Audiology

Audiology

Audiology is derived from a Latin word called ‘audīre’ which means “to hear”. It is the branch of science that studies hearing, balance, and related disorders including Tinnitus.

Audiology aims to determine whether someone can hear within the normal range, and if not, which portions of hearing (high, middle, or low frequencies) are affected and to what degree. Audiologists are experts in the management of the auditory and balance systems.
There are a number of tests available to determine the degree and type of hearing loss e.g. PTA, Impedance, OAE, BERA, ASSR etc. Once the diagnosis is confirmed the patient is referred to the ENT Specialist for further management.
It is important to remember that these tests are ‘Non Invasive’ and do not cause any pain!

Pure Tone Audiometry (PTA)

Pure tone audiometry is a hearing test used to determine the presence or
absence of hearing loss and also the type and severity of hearing loss. This test involves placing earphones on both ears and pressing a button or raising your hand when you hear a sound.

Speech Audiometry

Speech audiometry is a test using words to determine how softly words can be heard and how clearly words are understood. You will listen to a list of words and repeat them back to the Audiologist. The words lists are presented at different intensities. The results of word understanding are measured by a percentage score. The main purpose of this test is to check the ability to recognise speech.

Tympanometry

Assists in the detection of fluid in the middle ear, perforation of the eardrum, or mobility problems of the eardrum.
Tympanometry pushes air pressure into the ear canal, making the eardrum move back and forth. The test measures the mobility of the eardrum. Graphs are created, called Tympanograms. These can reveal a stiff eardrum, a hole in the eardrum, or an eardrum that moves too much.

When your hearing is working normally, information is being passed through each section of the ear to your brain. Your brain receives these messages and you will hear and understand the sound.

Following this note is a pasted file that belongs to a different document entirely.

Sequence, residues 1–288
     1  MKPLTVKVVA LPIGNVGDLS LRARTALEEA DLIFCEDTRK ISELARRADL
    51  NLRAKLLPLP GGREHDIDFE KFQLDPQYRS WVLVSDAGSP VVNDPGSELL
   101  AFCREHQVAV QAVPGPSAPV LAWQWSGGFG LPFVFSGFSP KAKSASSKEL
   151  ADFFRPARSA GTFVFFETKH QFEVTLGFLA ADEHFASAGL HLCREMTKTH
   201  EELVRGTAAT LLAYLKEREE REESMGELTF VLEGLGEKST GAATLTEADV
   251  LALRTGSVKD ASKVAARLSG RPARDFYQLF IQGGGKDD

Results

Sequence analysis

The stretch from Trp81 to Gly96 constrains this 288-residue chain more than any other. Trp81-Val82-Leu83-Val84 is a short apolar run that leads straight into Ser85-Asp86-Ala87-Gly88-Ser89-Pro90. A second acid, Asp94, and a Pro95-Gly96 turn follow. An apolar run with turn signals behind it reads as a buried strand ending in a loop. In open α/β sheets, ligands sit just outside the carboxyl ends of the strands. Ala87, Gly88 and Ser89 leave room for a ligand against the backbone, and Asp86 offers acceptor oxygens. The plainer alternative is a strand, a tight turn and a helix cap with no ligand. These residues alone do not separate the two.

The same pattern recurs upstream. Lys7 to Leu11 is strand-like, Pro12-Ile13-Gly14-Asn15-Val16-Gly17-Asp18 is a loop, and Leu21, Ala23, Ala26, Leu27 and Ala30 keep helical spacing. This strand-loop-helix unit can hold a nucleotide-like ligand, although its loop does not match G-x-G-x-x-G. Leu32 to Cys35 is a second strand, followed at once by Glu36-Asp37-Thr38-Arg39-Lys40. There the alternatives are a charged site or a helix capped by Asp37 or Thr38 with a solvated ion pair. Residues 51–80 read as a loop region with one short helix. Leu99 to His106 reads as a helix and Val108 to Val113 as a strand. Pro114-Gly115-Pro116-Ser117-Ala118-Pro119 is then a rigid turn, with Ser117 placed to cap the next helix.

Anatomy of your ear

There are three parts of the ear anatomy, the outer ear, the middle ear and the inner ear.
The outer ear consists of the pinna, ear canal and eardrum
The middle ear starts with the ear drum and includes the middle ear chamber along with the three ossicles (Malleus, Incus, Stapes).

The Inner ear consists of the Cochlea (for hearing sound) and the Vestibule (for maintaining balance).

The Outer Ear

Sound travels in waves through a narrow passageway called the ear canal to the ear drum. The outer ear (pinna) ‘catches’ sound waves and directs them through the ear canal to the protected middle ear. These incoming sound waves cause the ear drum to vibrate.

The Middle Ear

These vibrations cause the ossicles, a tiny chain of bones (malleus, incus, stapes), to move in the middle ear. The sound is amplified and transmitted to the Inner Ear.
The middle ear is connected to the back of the nose and throat by the Eustachian tube. This means that when you yawn or swallow, the Eustachian tube can open to equalise the pressure on both sides the eardrum and prevent the membrane from being stretched or under pressure..
When you get a cold/flu like symptoms the Eustachian tube can become blocked with mucus which can cause a build-up of pressure and temporary hearing impairment as a result.

The Inner ear

The last bone in this process ‘taps on the membrane window of the spiral-shaped cochlea, which encourages the fluids in the cochlea to move and in doing so stimulate tiny hair cells on the inner wall of the cochlea. There are over 15,000 of these hairs, and stimulating them to move triggers electrical nerve impulses that are taken to the brain via the auditory nerve. From here, it’s up to your brain to decipher those impulses as recognisable sounds.

Changes in your hearing

Hearing loss is a common problem and can affect anyone. As we get older, naturally our hearing changes. This can be a gradual process- you may not even know that you’ve lost some of your hearing or recognise the symptoms.
Hearing loss commonly comes from changes in the inner part of your ear, but can also arise from changes in the middle ear or along the nerve pathways. Understanding how your hearing works and the causes of hearing loss can help you protect your hearing for the future or address ways of correcting the hearing impairment. In some cases hearing aids could be an option to consider.

Balance and your ears

Aside from hearing, the ears do also have another important function: balance. Within the inner ear are three ringed canals containing fluid. The Posterior, Lateral and Superior canals operate on different planes (think of measuring a box: it has length, depth and width) and the way the fluid in these canals moves around is how the brain helps to establish balance. The continued movement of these fluids is why people feel dizzy after spinning around, before feeling back to normal once the fluid settles again. Ear infections and medical conditions which reach the ear can also therefore affect balance as well as hearing.

 

We depend upon our hearing to interpret the world around us. Through hearing clearly we can communicate and interact with our friends and family or with enjoy our favourite hobbies and interests.